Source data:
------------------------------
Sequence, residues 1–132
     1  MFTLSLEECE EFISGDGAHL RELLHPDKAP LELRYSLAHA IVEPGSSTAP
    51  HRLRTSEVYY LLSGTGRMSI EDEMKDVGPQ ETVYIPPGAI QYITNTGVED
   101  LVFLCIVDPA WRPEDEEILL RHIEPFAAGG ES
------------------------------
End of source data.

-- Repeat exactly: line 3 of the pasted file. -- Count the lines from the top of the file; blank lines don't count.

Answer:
    51  HRLRTSEVYY LLSGTGRMSI EDEMKDVGPQ ETVYIPPGAI QYITNTGVED